Your dental practice video shouldn’t cost you anything.
There are some wonderfully-gifted directors and videographers available for your video project. The danger in hiring most of them is that they have no marketing expertise. So even if they’re able to create a video that’s visually stunning, if they don’t thoroughly understand how identify and leverage your target audience’s goals, desires, pain points, risks, choices, apprehensions, etc., the video won’t drive in patients.
The truth is, if the professional(s) you hired to film your dental practice video ends up costing more than money than she brings in new revenue/patients, you hired the wrong person(s).
A marketing video for your practice is an online vehicle to drive in patients—it’s not a necessary expense (or evil) that you should pay as little as possible for.
Dental practice consultants estimate a patient’s lifetime value as low at $5k, and as high as $45k. No matter where in that range you patient’s lifetime value truly is, the cost of having the video made is probably going to be less. Therefore, looking at video costs on a return on investment (ROI) basis, your practice marketing video would just need to generate one new patient for it to pay for itself.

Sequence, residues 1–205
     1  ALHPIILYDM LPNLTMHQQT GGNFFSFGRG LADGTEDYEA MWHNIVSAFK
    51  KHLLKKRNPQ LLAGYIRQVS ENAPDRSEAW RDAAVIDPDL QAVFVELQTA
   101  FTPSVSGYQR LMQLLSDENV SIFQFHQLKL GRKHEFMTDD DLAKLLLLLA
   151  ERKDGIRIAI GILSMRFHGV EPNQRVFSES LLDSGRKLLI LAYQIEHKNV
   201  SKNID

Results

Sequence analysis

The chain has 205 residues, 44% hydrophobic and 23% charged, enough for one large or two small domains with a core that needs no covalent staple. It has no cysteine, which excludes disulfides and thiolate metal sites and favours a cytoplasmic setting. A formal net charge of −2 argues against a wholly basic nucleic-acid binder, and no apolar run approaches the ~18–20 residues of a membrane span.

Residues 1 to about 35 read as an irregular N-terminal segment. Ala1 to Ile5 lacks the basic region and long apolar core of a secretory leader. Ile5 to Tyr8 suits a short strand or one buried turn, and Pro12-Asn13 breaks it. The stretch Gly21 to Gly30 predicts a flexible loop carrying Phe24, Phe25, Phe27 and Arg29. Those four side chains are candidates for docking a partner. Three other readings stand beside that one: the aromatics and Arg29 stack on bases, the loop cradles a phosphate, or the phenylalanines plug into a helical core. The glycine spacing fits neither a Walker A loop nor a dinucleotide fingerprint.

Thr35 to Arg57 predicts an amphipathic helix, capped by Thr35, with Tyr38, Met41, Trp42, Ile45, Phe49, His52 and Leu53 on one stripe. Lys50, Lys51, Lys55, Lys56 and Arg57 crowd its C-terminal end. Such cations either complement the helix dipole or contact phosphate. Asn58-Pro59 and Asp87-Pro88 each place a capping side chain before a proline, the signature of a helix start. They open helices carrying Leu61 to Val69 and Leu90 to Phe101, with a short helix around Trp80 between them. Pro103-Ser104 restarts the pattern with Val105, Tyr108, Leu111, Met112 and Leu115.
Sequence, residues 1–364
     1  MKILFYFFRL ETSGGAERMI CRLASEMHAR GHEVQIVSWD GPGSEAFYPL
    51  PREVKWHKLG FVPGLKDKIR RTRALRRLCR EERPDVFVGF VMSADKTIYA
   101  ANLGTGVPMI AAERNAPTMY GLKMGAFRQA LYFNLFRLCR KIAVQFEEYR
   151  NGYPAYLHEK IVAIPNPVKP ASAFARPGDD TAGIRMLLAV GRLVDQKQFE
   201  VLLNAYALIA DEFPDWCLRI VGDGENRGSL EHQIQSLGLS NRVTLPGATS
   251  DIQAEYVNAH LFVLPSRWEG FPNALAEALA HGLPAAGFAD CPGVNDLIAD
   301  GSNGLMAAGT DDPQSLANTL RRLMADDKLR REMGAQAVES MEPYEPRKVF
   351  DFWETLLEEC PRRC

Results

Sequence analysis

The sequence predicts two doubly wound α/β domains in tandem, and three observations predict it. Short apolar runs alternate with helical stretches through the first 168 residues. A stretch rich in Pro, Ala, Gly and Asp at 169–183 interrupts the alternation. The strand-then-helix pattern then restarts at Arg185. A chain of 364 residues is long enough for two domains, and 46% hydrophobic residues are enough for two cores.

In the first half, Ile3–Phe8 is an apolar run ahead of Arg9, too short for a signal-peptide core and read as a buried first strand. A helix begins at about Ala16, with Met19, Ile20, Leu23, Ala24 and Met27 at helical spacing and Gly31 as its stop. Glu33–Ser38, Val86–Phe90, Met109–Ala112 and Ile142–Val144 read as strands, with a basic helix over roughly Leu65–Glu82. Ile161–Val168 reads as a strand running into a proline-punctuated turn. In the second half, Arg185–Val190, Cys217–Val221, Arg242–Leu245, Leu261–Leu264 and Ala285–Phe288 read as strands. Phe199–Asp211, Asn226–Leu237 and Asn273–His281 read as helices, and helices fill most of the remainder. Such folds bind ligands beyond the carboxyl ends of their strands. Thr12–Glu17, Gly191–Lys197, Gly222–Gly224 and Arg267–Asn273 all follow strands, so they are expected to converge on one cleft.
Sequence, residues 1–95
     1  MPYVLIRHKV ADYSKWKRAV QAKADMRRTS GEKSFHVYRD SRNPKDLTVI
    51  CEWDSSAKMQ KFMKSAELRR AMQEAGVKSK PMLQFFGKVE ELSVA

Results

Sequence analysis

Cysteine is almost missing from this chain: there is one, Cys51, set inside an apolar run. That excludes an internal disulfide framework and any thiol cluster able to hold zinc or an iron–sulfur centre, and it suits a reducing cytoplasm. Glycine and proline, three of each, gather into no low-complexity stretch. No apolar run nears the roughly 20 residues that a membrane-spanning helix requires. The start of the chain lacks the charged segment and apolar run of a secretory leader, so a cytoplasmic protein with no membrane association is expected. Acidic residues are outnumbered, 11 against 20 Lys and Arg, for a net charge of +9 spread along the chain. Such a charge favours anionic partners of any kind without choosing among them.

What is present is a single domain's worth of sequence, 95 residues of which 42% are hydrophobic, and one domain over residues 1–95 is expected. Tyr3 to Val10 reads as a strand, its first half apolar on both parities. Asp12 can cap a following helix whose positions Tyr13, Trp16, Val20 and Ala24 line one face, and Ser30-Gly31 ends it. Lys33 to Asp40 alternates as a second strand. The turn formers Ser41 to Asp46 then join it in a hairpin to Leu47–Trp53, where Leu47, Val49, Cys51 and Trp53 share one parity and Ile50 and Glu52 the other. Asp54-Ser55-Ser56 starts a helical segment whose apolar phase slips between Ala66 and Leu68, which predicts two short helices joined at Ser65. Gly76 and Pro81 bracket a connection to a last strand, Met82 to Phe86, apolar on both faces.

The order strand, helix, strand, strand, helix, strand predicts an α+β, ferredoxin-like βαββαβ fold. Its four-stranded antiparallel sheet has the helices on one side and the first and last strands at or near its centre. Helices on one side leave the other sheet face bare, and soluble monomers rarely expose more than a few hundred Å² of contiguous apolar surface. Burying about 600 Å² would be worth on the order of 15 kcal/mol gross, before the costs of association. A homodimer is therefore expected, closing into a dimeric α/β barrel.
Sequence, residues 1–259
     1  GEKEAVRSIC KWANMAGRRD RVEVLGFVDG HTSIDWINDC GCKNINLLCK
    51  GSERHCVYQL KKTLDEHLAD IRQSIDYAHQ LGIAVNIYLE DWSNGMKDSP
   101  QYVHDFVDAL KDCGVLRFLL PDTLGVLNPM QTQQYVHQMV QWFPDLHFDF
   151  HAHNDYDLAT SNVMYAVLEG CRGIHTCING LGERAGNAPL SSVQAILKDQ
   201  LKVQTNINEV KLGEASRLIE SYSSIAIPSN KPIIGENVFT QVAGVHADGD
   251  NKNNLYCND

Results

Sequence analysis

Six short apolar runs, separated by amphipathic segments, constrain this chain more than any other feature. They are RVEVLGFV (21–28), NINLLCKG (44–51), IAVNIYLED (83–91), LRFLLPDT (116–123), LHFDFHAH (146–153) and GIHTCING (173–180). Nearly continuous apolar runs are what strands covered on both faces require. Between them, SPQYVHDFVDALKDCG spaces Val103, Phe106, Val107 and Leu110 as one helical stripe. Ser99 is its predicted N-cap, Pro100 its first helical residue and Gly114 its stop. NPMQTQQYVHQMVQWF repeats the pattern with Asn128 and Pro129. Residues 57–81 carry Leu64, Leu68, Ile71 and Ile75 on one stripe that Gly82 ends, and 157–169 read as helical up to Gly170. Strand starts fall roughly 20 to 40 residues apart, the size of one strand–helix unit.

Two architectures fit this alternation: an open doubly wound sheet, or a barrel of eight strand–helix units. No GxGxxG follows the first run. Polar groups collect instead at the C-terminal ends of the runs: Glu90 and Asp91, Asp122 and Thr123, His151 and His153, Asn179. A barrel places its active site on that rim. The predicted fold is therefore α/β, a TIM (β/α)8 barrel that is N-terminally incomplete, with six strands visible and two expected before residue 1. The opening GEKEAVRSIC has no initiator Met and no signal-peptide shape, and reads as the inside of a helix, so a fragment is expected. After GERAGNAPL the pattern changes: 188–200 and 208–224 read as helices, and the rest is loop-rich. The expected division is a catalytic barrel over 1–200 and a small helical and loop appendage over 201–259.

What you’re really paying for with video production, Doctor. It’s not what you think.
When asked how long a video would take to create from start to finish, most dentists guess about ten hours. And while that’s a fair guess, it’s not close to being accurate.
The reason is that the dentist is basing their estimate only on the time they see first-hand the work being done on their project, which is during the filming phase. However, what most dentists (and maybe you) don’t know is that their video professional will undergo three phases in creating their video:
- Pre-production (initial meeting, marketing research, creative direction brainstorming, preparing equipment).
- Production (transport, setup, film, tear down, transport)—this is the actual filming part of the process. “Lights, camera, action!”